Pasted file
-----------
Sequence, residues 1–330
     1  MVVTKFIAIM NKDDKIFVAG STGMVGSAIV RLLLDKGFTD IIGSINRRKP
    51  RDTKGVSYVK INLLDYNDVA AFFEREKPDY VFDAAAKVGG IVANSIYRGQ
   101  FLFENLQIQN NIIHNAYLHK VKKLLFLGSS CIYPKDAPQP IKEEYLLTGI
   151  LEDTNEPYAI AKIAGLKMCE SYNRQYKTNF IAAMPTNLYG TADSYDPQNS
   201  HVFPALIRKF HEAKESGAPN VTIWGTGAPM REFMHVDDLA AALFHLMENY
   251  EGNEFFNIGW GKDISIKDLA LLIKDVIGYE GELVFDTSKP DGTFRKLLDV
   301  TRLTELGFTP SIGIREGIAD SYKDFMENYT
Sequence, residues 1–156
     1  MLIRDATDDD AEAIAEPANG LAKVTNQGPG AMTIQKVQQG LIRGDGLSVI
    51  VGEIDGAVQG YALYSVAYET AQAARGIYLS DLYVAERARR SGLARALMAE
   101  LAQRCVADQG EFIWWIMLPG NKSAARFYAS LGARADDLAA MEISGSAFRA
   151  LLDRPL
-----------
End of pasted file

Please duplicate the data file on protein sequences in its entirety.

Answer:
Sequence, residues 1–330
     1  MVVTKFIAIM NKDDKIFVAG STGMVGSAIV RLLLDKGFTD IIGSINRRKP
    51  RDTKGVSYVK INLLDYNDVA AFFEREKPDY VFDAAAKVGG IVANSIYRGQ
   101  FLFENLQIQN NIIHNAYLHK VKKLLFLGSS CIYPKDAPQP IKEEYLLTGI
   151  LEDTNEPYAI AKIAGLKMCE SYNRQYKTNF IAAMPTNLYG TADSYDPQNS
   201  HVFPALIRKF HEAKESGAPN VTIWGTGAPM REFMHVDDLA AALFHLMENY
   251  EGNEFFNIGW GKDISIKDLA LLIKDVIGYE GELVFDTSKP DGTFRKLLDV
   301  TRLTELGFTP SIGIREGIAD SYKDFMENYT
Sequence, residues 1–156
     1  MLIRDATDDD AEAIAEPANG LAKVTNQGPG AMTIQKVQQG LIRGDGLSVI
    51  VGEIDGAVQG YALYSVAYET AQAARGIYLS DLYVAERARR SGLARALMAE
   101  LAQRCVADQG EFIWWIMLPG NKSAARFYAS LGARADDLAA MEISGSAFRA
   151  LLDRPL